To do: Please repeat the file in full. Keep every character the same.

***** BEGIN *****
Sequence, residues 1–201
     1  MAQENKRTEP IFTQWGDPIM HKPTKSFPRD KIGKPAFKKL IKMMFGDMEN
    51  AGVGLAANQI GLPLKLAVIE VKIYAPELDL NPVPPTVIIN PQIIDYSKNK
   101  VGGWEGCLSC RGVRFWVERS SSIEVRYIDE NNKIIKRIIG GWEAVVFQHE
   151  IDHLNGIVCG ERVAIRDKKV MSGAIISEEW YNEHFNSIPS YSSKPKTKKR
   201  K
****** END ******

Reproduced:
Sequence, residues 1–201
     1  MAQENKRTEP IFTQWGDPIM HKPTKSFPRD KIGKPAFKKL IKMMFGDMEN
    51  AGVGLAANQI GLPLKLAVIE VKIYAPELDL NPVPPTVIIN PQIIDYSKNK
   101  VGGWEGCLSC RGVRFWVERS SSIEVRYIDE NNKIIKRIIG GWEAVVFQHE
   151  IDHLNGIVCG ERVAIRDKKV MSGAIISEEW YNEHFNSIPS YSSKPKTKKR
   201  K